Offering at Chimney Rock, Colorado.
Photo: 2002, Peter Faris.

During the prehistoric Pueblo period this location was near the northern border of their sphere of influence. During the Chacoan period it was also a northeastern colony of Chaco Canyon as can be seen from the construction of Chacoan style masonry. Later, after the coming of the Navajo this was part of the area known as Dinetah, the Navajo homeland.

Both the Ancestral Pueblo peoples and the Navajos had mythology concerning the significance of Twin Heroes who killed monsters and made this world safe for their people. Their continuing relevance is attested to by the offerings that still appear tied to trees in the forest near the ridge that bears the twin pinnacles and the ruin.

Wednesday, September 16, 2009


Mortendad ruin cavates,
Pajarito plateau, NM. 2003.

Back in 2003, friends Bill and Jeanne Gibson guided us into Mortandad Canyon near Los Alamos on the Pajarito plateau, in New Mexico. Our goal was a large pueblo ruin that they call Mortandad Ruin, and the considerable rock art to be found there. The Mortandad ruin is a cavate ruin with the remains of rooms that had been carved into the soft volcanic tuff cliff. Many of these rooms had been subsequently plastered with adobe mud and decorated with pictographs.
View from cliff top, Mortendad ruin,
Pajarito plateau, NM. 2003.

We had clambered up to near the top of the cliff finding and photographing petroglyphs and I had worked my way out near the point when I looked out upon a spectacularly beautiful view of the valley below with an oncoming storm approaching from across the valley. I found myself thinking that it was an ideal spot from which to view approaching weather. Turning back to retrace my steps I found myself looking directly at the cloud altar petroglyph (illustrated). The round circle next to the cloud altar appears to be a case of defacement with a steel chisel, perhaps in an attempt to remove and collect whatever image had originally been there.
Cloud petroglyph (next to vandalism),
Mortendad ruin, Pajarito plateau, NM. 2003.
I realized that I had stumbled upon a perfect weather watching station. With its view toward the prevailing weather direction and marked by the cloud petroglyph, this seems to me to make perfect sense and could be expected from a culture that subsisted on precipitation-dependant agriculture. Indeed, weather themes are common in Ancestral Puebloan rock art of the Rio Grande area. Two examples from the Galisteo Dike in the Galisteo basin south of Santa Fe are included. With little or no irrigation for most of their agricultural Ancestral Puebloan farmers depended to a great degree on precipitation for the water to raise their crops. Much of their religion and ceremonial life was devoted to encouraging the spirit world to send the water they needed.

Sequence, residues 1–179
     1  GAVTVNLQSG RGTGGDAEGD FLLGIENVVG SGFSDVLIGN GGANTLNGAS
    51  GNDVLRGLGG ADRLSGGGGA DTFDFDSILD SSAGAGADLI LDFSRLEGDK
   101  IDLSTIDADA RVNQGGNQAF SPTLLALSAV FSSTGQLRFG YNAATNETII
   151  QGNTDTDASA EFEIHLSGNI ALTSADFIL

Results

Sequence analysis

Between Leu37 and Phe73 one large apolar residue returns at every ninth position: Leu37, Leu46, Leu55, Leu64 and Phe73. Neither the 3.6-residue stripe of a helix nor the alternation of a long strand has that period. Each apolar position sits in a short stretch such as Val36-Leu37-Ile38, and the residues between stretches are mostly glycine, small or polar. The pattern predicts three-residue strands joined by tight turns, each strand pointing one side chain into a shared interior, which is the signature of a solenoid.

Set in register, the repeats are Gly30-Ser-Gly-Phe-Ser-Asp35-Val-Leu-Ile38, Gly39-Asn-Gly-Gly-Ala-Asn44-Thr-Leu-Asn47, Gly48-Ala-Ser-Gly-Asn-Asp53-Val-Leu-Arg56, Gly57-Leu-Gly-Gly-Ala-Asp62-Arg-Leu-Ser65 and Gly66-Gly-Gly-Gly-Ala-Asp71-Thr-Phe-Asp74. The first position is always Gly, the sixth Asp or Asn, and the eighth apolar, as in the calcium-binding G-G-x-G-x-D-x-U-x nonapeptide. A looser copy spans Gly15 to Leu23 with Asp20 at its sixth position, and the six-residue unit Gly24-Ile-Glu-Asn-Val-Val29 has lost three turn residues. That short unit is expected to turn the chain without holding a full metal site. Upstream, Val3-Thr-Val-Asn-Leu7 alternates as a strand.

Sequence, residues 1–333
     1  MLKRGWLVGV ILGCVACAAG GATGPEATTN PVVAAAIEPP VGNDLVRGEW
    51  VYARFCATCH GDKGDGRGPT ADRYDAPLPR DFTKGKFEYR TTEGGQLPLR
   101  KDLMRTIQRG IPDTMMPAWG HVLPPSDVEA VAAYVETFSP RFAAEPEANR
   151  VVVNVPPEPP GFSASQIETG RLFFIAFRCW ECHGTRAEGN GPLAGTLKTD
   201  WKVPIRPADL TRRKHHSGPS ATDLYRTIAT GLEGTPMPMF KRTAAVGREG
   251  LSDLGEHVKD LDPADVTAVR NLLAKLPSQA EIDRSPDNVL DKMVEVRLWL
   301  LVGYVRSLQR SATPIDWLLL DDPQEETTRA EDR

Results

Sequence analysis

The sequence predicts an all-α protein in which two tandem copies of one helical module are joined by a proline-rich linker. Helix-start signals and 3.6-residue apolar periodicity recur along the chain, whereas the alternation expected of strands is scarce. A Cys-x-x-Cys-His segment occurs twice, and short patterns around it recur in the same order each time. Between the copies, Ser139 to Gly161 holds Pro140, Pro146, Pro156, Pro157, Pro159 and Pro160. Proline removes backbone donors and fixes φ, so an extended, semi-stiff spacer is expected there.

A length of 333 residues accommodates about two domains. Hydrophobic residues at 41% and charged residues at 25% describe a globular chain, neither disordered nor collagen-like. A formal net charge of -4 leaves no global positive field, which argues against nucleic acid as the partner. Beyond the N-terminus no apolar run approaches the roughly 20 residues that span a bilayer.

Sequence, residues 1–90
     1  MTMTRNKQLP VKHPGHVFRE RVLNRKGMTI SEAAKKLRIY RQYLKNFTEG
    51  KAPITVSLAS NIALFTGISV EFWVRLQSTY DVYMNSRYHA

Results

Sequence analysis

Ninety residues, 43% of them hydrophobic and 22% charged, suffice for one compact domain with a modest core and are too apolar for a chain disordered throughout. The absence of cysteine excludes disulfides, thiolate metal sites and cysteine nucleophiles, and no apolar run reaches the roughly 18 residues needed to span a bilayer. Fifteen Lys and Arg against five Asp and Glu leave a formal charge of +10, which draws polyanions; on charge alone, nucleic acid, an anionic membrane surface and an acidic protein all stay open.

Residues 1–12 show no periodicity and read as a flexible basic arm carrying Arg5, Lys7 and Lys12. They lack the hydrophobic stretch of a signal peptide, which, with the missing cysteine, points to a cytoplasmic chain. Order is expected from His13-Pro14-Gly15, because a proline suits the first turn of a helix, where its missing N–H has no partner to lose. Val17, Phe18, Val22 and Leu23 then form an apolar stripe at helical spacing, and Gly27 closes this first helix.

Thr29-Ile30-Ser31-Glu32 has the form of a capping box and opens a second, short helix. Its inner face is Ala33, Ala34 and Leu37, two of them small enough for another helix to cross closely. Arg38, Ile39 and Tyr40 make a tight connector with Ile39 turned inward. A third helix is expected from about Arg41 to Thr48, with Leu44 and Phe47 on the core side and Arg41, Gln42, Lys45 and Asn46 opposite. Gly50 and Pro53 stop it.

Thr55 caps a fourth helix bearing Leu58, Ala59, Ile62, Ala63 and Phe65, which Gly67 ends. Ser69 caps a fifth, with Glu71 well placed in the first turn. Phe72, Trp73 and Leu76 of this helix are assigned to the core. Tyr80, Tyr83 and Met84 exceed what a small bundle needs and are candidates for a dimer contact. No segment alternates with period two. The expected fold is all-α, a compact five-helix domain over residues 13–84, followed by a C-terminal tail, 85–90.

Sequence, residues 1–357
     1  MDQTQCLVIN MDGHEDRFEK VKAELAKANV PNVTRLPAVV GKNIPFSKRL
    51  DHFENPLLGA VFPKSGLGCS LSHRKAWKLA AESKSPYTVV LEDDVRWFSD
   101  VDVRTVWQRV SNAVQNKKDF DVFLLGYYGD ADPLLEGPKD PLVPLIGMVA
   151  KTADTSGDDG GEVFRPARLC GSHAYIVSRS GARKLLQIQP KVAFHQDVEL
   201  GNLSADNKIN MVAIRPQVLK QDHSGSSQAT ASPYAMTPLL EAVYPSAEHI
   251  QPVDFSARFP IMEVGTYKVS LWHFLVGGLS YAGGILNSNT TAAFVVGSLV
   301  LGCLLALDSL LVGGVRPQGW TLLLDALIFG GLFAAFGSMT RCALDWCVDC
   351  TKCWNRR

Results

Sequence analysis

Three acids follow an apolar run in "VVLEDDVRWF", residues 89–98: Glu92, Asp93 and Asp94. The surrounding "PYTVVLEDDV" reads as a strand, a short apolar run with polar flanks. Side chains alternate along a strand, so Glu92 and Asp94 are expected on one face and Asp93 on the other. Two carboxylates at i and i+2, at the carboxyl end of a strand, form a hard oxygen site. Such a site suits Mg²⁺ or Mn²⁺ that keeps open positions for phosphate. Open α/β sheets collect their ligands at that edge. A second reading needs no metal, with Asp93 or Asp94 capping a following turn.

Cloud and rain petroglyph,
Galisteo dike, NM.
Cloud and rain petroglyph,
Galisteo dike, NM.
I can easily imagine that if I depended upon precipitation to provide the food I and my family need, I would want to know of approaching rain so I could enact the rites to bring it to my fields. And if I lived in that pueblo in Mortendad canyon, I cannot imagine a better place to watch for the approaching rain than this point of land near the top of the cliff. I cannot know if that cloud petroglyph was part of those rites, or was just put there to mark the station, or just because clouds were on someone’s mind at that location. Its position there facing the valley and the prevailing weather seems significant however, and I privately am sure of the connection.

Thursday, September 10, 2009


Owl petroglyph, Sieber Canyon,
Mesa County, CO, 1981.
Photo: Peter Faris.
Sieber Canyon, off of the Uncompaghre Plateau in Mesa County, Colorado, is a pretty isolated location with some amazing rock art, much of it from the Fremont culture. In this instance I want to look at a pair of owls included in the main Fremont panel in mid-canyon. They are cleverly abstracted with simplified bodies and features, and yet are very recognizable. The first has a face consisting of two circles for the eyes and a short vertical line between them representing the beak. The owl’s feathered body is indicated by double lines of dots in a “U”- shape beneath the face.

Dancing Owl petroglyph, Sieber
Canyon, Mesa County, CO, 1987.
Photo: Peter Faris.
The second Sieber Canyon owl is my personal favorite. Its face also consists of two eyes and a vertical line again representing the beak. Below those a couple of horizontal zigzag lines represent the body feathers. Below those a horizontal line represents the bottom limit of the torso, with two legs below that. The legs are simple lines and one is raised as if the owl is fidgeting or agitated, indeed we used to refer to this as the dancing owl.

Black and white drawing of dancing owl, Sieber Canyon,
Mesa County, CO. Drawn by Sally Cole from a field sketch
by Glen Stone.

The reason for this agitation can be found in the large snake just to the right, rising up over the owl’s head. From the way this owl is portrayed with the body ending above the slender bare legs I believe that the artist was portraying a burrowing owl.

Burrowing owl, Douglas County,
CO, 2007. Photo: Heather Pankratz.